Deer euthanized in East Liberty parking lot
The deer was reported roaming the post office parking lot around 9:30 am and was running into cars and crashing into the building.
An incident at the East Liberty Post Office may delay today’s deliveries for people in the Squirrel Hill, East Liberty, Shadyside and Homewood areas. Around 9:30 am, a deer was reportedly roaming in the post office’s parking lot located at 6360 Broad St.
“911 called and said that the deer wasn’t hurt but caught in the parking lot and people were afraid to drive or get into their cars,” said Dave Madden, Pittsburgh Animal Care and Control’s supervisor. The city-based service dispatched a truck with two officers, “who have between them more than 60 years’ experience,” to control the situation.
What the officers discovered was a deer that was “running into cars and crashing into the building,” said Madden.
Despite attempts to redirect the deer out of the parking lot, the animal did not comply.
“The deer ran itself into exhaustion,” said Madden.
At that point, the Pittsburgh Police intervened.
“The police shot it dead,” said Madden.
Euthanizing the animal was the most humane option, said the director, as animal control is not equipped or permitted to relocate the deer. Given the limited size of the service’s vehicles, legal restrictions and health risks involved in relocation, “the best thing we can do is to humanely euthanize it.”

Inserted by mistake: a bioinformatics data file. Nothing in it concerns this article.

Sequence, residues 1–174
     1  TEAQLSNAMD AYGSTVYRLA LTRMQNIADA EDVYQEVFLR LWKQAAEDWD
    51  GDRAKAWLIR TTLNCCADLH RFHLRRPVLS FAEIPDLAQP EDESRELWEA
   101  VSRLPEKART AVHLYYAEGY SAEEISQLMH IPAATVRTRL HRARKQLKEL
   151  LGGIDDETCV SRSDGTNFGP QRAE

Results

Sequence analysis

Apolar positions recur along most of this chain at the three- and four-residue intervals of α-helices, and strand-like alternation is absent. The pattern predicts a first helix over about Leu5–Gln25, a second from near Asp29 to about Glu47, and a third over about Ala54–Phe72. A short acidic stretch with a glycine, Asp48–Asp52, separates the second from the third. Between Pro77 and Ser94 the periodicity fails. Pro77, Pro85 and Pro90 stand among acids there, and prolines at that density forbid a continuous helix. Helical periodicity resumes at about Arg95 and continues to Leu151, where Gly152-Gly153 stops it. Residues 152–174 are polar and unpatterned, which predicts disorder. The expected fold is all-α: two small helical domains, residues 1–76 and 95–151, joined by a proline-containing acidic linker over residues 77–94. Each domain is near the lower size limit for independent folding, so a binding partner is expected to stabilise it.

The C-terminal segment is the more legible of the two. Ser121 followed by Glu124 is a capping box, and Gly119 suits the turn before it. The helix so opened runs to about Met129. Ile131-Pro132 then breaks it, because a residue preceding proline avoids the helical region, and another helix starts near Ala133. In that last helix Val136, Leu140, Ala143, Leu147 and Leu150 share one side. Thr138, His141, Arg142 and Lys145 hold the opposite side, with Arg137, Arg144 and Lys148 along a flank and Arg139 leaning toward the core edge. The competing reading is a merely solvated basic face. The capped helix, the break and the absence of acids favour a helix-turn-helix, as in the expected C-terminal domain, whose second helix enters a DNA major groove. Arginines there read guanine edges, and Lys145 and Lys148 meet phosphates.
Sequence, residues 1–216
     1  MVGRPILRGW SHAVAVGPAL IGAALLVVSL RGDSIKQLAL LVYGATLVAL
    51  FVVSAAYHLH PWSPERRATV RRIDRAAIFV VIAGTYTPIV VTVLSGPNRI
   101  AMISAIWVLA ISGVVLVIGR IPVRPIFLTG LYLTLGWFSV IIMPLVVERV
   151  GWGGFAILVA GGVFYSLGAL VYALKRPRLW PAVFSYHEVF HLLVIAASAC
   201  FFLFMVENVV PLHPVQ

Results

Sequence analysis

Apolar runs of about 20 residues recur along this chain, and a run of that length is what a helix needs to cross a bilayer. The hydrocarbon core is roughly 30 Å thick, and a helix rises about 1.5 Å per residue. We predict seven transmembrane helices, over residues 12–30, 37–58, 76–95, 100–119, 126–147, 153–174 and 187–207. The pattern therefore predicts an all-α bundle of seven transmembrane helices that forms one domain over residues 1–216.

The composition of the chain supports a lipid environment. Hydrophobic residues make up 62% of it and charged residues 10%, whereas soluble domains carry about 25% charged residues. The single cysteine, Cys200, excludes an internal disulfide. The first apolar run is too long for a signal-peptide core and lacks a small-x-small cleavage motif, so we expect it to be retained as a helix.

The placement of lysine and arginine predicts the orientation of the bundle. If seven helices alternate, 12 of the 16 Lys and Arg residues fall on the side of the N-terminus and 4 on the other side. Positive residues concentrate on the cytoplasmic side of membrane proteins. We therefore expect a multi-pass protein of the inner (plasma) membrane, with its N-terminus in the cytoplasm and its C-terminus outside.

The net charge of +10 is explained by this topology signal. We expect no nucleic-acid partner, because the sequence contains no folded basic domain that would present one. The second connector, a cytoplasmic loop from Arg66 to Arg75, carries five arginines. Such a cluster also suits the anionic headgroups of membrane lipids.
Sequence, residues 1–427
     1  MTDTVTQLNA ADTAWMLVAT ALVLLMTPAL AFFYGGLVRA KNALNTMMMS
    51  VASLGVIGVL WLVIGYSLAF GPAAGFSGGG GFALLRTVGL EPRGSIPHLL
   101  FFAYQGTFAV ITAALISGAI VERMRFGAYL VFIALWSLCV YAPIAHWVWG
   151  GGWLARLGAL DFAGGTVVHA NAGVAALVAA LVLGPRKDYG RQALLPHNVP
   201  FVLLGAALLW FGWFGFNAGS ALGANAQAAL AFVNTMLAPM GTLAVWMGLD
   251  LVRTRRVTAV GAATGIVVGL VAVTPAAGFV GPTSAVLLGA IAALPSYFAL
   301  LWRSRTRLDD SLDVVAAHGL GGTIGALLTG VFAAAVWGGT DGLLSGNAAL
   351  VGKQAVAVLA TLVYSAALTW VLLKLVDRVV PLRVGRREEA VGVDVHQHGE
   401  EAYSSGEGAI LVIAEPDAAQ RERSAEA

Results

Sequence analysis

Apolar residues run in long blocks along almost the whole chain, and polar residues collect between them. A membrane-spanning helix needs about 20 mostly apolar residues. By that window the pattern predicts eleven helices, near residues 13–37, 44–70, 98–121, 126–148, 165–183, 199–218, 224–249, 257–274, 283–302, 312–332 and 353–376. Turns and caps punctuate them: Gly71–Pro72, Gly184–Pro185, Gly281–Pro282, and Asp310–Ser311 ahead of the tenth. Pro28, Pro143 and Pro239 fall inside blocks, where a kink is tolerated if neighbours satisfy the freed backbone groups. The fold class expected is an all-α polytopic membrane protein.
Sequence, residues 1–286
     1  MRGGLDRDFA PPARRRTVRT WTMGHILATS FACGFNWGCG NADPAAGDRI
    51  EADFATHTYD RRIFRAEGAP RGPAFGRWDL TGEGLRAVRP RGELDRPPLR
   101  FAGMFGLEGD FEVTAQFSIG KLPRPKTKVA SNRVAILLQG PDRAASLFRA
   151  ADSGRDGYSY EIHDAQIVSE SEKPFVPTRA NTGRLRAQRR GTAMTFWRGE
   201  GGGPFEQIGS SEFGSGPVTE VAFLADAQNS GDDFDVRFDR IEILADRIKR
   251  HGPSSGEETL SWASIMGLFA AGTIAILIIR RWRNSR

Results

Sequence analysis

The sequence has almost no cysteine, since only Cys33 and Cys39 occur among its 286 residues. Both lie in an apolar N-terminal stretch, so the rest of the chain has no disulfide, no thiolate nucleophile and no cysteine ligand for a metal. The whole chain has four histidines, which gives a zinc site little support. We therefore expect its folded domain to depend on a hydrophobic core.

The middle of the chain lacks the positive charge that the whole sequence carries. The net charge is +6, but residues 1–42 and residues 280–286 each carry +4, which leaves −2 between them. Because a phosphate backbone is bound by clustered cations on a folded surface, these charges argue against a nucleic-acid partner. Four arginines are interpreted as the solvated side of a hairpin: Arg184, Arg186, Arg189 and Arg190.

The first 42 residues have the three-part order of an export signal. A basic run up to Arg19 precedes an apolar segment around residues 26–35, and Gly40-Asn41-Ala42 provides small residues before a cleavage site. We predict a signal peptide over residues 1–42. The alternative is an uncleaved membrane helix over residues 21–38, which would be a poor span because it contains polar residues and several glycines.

As for the city trucks, which are more suited for rodents or smaller sized animals, “there’s no way to get a deer in one of those if you’re transporting an animal that big,” he explained.
Additionally, due to fears of spreading chronic wasting disease among herds, only the Pennsylvania Gaming Control Board is permitted to relocate a deer, said Madden. “You can actually infect a whole population. That’s why we can’t relocate it.”
According to Madden, the control board lacked a nearby warden to dispatch to the scene, and the zoo, whose vets were involved in a surgery operation, was unable to help.
Deer are unpredictable animals and capable of great danger, Madden reminded people.
“They are wild animals and may charge you. People have been gored. Deer can raise up on their back legs and come down with both of their front legs, or body slam you,” he said. “People should always call us, the City of Pittsburgh, and not engage a wild deer.” PJC
Adam Reinherz can be reached at email@example.com